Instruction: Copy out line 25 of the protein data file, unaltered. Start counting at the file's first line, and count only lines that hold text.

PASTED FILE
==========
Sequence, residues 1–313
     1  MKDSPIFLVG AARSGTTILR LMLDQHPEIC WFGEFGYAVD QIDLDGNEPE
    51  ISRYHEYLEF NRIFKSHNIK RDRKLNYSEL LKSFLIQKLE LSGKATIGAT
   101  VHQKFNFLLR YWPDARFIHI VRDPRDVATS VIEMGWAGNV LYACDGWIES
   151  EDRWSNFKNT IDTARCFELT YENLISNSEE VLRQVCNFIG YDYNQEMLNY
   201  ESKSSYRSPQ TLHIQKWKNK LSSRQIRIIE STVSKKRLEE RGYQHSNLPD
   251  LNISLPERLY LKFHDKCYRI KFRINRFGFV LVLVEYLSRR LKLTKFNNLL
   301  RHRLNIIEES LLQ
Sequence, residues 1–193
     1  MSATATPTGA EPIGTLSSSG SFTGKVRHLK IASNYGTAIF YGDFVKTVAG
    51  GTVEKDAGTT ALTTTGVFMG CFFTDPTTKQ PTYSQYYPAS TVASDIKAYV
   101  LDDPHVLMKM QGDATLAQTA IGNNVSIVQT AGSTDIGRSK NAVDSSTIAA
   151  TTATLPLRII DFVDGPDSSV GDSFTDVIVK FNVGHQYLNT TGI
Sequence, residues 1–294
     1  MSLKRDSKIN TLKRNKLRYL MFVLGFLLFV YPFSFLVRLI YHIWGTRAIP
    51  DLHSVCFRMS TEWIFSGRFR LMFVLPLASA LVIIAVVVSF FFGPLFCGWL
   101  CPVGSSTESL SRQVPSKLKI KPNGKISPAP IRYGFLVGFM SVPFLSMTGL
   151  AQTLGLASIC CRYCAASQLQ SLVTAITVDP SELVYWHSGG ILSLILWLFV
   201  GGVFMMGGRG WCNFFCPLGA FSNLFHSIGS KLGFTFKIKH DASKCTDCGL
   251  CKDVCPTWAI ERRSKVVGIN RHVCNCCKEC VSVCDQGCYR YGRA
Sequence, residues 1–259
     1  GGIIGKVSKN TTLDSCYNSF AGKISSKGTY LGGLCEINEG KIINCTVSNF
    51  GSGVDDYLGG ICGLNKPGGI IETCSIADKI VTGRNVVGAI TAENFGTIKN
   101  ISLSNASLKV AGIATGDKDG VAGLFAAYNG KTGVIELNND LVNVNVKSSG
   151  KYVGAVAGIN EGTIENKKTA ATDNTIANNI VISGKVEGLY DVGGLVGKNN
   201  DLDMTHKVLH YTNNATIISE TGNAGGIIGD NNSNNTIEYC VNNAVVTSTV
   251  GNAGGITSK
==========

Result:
   151  KYVGAVAGIN EGTIENKKTA ATDNTIANNI VISGKVEGLY DVGGLVGKNN